PHOENIX, April 20 (Reuters) – The owners of a U.S. regional chain of Mexican restaurants have been indicted on immigration and tax evasion charges as part of a broader crackdown on employers hiring illegal immigrants, federal officials said on Wednesday. 

The U.S. Immigration and Customs Enforcement agency (ICE) said the father-and-son owners of Chuy’s Mesquite Broiler restaurants, with outlets in Arizona and California, would be arraigned in federal court in Tucson on Thursday. 

 Chuy’s restaurant at 1831 East Baseline Road, in Tempe, Ariz., is closed because of an ongoing investigation,

Mark Evenson, 58, his son, Christopher, 39, along with their accountant, Diane Strehlow, 47, face a total of 19 counts of such offenses as unlawful hiring and harboring of illegal aliens, conspiracy to defraud the Internal Revenue Service and tax evasion. 

Wednesday’s arrest of the three defendants after raids on Chuy’s restaurants in California and Arizona are part of a stepped-up federal immigration enforcement aimed at companies that hire illegal workers. 

“For nearly two years, these defendants are alleged to have knowingly dodged hundreds of thousands of dollars in taxes in order to maintain an illegal work force,” U.S. Attorney Dennis Burke said in a statement. “There should be no place in our economy for employers who cynically exploit and defy the U.S. tax code to take advantage of illegal labor.”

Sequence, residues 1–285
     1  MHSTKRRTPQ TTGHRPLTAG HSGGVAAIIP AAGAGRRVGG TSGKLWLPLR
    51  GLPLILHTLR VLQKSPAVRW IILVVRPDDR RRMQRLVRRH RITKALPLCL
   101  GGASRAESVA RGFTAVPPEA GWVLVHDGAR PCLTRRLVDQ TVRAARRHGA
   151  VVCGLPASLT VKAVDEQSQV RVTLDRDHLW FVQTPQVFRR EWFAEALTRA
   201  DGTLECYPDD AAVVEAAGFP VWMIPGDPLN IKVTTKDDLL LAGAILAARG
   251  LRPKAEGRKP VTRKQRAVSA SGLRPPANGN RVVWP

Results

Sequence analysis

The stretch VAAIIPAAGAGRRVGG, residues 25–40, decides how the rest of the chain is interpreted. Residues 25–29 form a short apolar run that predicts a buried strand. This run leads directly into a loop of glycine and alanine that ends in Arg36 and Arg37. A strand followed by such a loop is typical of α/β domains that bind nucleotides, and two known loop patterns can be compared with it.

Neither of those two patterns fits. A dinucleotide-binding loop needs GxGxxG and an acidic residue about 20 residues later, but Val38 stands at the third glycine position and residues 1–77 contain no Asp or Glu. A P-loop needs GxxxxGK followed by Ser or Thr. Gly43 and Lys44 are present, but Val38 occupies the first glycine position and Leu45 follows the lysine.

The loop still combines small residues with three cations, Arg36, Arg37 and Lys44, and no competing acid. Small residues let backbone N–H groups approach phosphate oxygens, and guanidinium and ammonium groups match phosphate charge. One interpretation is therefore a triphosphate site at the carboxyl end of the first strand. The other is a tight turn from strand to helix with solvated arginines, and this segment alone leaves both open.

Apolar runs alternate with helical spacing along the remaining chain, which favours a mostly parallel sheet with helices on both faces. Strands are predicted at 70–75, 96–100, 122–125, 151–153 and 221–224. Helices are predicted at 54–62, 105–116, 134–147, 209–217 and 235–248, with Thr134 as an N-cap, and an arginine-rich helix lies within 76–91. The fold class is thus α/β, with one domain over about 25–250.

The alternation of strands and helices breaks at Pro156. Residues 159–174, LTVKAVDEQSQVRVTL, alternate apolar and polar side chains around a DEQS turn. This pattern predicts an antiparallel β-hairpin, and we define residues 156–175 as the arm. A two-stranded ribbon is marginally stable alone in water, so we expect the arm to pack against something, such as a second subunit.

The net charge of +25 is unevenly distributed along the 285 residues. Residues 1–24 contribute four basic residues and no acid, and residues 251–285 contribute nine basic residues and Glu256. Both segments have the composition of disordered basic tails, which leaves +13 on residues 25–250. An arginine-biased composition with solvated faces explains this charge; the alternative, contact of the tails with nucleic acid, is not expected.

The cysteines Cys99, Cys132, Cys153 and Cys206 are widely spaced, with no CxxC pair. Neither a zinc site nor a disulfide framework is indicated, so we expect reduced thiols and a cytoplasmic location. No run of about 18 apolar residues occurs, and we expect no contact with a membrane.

If convicted of all the charges, Mark Evenson faces up to 86 years in prison and a $5.3 million fine; his son faces up to 81 years in prison and a $5 million fine; and, Strehlow faces a maximum prison term of 40 years and a $2 million fine.

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Federal Agents Told to Reduce Border Arrests

An Arizona sheriff says U.S. Border Patrol officials have repeatedly told him they have been ordered to reduce — at times even stop — arrests of illegal immigrants caught trying to cross the U.S. border.